Wizardry III: Leapfrogging

I’m recovering from another TPK. It was a pretty anticlimactic one, too. I had just gone through a heroic effort to bring my party back unharmed from a one-way trip into a lengthy sequence of unexplored tunnels — basically, the previously-unexplorable reaches of dungeon level 2. The monsters back there don’t pose a serious threat to me any more, except perhaps through slow attrition after I run out of spells, but there was one complication: most of my party was poisoned, and losing health just from walking around. Not only that, but there was a point where the only way forward required a password. After guessing wrong twice, I really thought I that was it, but, in classic storytelling form, I solved the riddle on my third try. And I made it out without loss of life. It was the sort of adventure that leaves you elated for having beaten the odds. And then, on my next try, I blundered into a previously-unseen boss lair, was surprised, and bam. I couldn’t even run away.

Fortunately, I had another party waiting in the wings: the reclaimed remains of my last TPK. They’re not quite as advanced as the ones newly-lost, but they’re pretty close. The only real drag on my progress right now is the need to train up a new mage, as I seem to be fresh out of mages. In fact, I should probably train two. Two in the hand is worth one lying inert on the dungeon floor, right? After all, I’d be in really bad shape if the party I’m currently using got wiped out too.

But not as bad as you’d think. Spending a long time in a particular area of the dungeon means picking up a lot of redundant magic items. Even if I had to start over with level 1 characters, I think I could get through the opening stages of the game again pretty quickly if the entire front row started with +1 plate mail. Which means I have to make sure to actually give the spare gear to someone not currently adventuring. This is certainly doable, but it goes somewhat against instinct, and involves fiddling around with menus instead of just selling your loot and going straight back into the dungeon.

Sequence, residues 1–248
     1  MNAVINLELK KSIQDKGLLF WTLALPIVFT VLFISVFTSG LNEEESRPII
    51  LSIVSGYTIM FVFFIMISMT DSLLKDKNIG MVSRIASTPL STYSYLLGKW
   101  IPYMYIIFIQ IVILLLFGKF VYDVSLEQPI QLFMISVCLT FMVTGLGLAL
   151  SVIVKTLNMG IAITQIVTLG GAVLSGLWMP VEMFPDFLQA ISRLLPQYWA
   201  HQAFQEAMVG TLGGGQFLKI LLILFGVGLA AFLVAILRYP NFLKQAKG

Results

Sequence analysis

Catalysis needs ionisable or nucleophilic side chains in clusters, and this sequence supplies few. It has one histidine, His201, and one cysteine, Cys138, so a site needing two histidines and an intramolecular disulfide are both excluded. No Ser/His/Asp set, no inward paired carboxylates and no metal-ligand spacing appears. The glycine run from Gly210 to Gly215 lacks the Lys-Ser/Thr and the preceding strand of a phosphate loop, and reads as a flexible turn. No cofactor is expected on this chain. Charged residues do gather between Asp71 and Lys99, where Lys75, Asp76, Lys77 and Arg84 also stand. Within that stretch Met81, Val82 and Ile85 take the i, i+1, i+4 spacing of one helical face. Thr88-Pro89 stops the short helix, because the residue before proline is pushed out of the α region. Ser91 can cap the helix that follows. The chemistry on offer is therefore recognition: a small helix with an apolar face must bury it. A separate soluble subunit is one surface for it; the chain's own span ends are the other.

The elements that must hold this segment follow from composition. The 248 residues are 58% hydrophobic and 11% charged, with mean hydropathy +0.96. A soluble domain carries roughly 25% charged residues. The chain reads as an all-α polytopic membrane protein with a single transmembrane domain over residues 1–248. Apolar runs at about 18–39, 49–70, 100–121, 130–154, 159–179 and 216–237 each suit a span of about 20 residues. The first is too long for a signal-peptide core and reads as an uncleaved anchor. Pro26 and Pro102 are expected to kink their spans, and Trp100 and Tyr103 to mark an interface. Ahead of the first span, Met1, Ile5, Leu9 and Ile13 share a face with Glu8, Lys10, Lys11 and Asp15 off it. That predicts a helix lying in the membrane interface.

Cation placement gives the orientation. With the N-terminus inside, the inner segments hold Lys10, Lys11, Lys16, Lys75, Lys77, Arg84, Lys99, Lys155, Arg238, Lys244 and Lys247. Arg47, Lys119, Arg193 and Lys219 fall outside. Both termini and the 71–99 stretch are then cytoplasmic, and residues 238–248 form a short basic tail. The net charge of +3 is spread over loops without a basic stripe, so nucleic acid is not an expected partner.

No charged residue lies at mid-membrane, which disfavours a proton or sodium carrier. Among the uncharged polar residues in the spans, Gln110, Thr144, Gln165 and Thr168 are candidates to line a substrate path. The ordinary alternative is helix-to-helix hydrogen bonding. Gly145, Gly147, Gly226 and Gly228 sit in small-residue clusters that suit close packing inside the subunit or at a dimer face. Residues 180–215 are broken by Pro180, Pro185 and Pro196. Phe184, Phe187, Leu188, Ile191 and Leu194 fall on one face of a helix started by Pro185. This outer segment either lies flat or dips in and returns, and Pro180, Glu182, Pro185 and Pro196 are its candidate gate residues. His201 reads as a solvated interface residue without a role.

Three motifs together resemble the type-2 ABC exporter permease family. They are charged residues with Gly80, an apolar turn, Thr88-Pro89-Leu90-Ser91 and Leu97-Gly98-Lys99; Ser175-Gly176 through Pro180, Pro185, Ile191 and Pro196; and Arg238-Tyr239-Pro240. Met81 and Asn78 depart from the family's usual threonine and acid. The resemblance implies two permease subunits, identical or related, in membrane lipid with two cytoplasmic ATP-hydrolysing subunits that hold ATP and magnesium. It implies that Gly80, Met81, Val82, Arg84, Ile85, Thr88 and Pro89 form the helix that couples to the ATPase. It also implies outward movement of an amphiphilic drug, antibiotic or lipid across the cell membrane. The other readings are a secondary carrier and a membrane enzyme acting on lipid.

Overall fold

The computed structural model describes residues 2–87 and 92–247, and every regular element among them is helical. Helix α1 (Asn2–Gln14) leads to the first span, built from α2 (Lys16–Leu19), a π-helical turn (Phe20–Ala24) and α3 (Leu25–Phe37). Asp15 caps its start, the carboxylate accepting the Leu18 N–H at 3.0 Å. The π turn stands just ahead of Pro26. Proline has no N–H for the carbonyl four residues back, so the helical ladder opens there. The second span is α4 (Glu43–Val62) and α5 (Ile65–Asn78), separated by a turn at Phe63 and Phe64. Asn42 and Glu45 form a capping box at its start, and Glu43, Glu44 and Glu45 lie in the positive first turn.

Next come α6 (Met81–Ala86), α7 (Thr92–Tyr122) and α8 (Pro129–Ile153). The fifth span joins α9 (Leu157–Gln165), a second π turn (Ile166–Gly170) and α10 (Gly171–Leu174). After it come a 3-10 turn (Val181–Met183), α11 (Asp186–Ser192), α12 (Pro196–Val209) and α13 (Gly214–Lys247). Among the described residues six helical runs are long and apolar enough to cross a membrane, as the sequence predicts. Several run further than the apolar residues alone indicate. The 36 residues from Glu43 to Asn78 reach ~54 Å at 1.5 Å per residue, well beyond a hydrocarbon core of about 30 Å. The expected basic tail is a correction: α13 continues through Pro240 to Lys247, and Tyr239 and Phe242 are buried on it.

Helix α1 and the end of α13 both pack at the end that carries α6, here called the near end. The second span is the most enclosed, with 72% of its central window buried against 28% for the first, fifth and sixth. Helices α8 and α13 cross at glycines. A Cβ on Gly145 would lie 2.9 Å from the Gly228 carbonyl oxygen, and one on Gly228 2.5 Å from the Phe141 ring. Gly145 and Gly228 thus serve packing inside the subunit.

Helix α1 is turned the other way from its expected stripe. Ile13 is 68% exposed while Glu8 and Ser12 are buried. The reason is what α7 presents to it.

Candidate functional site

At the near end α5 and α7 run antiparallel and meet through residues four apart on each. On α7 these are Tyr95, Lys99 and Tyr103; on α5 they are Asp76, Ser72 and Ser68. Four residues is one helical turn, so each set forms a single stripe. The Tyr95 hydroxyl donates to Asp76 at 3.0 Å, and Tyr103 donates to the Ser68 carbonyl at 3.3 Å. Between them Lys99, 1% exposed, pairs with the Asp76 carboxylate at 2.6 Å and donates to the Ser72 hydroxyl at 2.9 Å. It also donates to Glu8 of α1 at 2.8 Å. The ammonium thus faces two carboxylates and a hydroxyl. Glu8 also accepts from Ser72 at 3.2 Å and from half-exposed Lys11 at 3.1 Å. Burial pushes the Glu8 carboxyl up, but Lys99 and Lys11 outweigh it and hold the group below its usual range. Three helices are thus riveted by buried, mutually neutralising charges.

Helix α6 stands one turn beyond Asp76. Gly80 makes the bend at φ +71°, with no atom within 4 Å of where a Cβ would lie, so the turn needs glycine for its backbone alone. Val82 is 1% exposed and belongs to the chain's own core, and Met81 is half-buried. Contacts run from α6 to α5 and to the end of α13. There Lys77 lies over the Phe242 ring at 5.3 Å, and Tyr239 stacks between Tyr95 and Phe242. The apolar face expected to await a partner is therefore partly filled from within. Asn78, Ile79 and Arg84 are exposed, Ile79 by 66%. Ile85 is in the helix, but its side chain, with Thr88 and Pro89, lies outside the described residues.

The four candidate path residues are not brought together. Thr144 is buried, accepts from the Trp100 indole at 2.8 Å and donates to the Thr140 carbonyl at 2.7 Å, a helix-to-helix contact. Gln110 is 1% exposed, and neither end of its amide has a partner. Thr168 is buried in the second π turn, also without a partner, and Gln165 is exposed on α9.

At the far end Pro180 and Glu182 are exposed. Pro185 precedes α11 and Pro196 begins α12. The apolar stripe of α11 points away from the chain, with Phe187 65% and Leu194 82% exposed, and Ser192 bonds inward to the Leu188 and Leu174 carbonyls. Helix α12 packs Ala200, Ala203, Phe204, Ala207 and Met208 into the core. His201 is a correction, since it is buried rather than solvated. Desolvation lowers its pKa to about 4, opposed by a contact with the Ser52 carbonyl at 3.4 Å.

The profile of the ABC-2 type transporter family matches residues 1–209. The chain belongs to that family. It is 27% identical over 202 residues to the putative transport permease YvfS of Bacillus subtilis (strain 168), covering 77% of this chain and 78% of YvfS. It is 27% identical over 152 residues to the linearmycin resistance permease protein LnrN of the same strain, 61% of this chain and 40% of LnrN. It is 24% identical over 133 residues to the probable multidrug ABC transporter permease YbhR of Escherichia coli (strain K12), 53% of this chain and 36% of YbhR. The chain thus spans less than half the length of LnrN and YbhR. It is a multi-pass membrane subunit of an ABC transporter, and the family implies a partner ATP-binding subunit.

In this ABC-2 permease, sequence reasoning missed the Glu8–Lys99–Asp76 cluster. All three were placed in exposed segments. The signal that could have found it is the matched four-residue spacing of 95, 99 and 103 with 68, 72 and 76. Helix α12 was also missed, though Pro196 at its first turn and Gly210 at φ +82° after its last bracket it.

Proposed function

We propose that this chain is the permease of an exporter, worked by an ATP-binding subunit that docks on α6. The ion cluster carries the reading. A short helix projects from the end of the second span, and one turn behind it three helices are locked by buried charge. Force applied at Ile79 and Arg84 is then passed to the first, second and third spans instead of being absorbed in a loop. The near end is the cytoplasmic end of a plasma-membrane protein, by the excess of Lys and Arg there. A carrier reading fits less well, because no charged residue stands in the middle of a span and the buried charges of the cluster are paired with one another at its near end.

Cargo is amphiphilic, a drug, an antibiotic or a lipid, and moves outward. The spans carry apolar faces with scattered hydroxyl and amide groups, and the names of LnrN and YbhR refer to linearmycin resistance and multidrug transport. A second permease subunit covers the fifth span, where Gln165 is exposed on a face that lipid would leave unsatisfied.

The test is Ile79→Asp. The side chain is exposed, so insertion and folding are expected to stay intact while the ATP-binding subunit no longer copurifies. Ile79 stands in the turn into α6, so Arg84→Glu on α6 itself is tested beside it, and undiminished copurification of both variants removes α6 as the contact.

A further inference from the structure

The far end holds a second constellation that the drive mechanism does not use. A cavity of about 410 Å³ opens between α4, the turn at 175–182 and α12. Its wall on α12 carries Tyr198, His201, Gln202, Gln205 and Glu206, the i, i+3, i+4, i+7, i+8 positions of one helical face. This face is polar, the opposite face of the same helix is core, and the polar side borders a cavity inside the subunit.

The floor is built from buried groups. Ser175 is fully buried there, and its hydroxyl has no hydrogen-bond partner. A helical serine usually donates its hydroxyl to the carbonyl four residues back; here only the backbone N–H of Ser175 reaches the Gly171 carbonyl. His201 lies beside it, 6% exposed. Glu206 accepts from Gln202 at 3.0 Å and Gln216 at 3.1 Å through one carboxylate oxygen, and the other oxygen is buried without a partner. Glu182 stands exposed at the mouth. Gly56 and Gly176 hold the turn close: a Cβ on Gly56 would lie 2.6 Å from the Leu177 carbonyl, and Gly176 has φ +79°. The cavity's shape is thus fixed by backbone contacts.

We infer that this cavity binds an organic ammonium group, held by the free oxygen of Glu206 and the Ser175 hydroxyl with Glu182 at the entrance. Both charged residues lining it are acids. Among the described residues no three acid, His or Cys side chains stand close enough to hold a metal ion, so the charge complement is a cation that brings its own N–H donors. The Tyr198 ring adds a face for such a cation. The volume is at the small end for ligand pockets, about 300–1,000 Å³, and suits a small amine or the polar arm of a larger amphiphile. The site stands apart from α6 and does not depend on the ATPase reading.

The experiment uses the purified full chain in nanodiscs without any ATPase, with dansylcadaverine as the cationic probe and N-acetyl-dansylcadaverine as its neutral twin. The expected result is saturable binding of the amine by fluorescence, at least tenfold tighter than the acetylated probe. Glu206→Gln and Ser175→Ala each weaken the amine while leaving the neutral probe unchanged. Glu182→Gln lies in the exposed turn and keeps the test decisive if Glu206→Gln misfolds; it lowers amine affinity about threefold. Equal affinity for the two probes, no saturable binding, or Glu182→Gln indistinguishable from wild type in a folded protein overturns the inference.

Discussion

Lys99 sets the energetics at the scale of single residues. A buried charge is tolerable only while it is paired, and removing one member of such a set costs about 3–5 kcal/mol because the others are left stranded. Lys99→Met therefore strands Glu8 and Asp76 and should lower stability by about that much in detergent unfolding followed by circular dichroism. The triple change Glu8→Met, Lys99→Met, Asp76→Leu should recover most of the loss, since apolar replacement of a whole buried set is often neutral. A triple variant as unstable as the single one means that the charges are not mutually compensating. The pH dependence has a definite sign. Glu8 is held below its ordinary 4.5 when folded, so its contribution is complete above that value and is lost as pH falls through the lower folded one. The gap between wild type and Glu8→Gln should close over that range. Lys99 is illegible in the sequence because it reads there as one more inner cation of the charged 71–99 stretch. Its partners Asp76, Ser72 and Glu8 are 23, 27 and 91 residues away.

Still, one thing is clear: I’m going to need a much more powerful party to do the rescue this time. My best characters are going to rot in a heap until they aren’t nearly my best characters any more.

4 Comments so far

  1. paul on 14 Jan 2010

    Can you leapfrog through the game with a good party and an evil party, each of which goes to rescue the other after a tpk? I think storywise that would be interesting.

  2. katre on 14 Jan 2010

    Can you create a level 1 guy named Bucket and just leave him in town to hold spare gear for you?

  3. Carl Muckenhoupt on 14 Jan 2010

    You could certainly do that in the first two games of the series, but in this one, most of the dungeon levels are alignment-locked. If your good party dies in a good-only area, you can’t send in an evil party to rescue them. But since alignment is mutable in this game, you could try to maintain a party that’s usually evil, except when they’re rescuing a good party, and vice versa.

  4. Carl Muckenhoupt on 14 Jan 2010

    And yeah, you can have a guy who has no purpose other than to hold spare gear. If you make him a bishop, you can have him identify it too and not need a bishop in your adventuring party. (Personally, I like having a bishop in my adventuring party, if only so I can identify stuff and free up inventory slots by throwing away the junk right away.)

    But it should be noted that every character has room for only 8 items, so Bucket will run out of space before long. I sell most of my redundant items to the shop, which is willing to sell them back later at substantial markup if I need them. (And if I don’t, hey, profit!)

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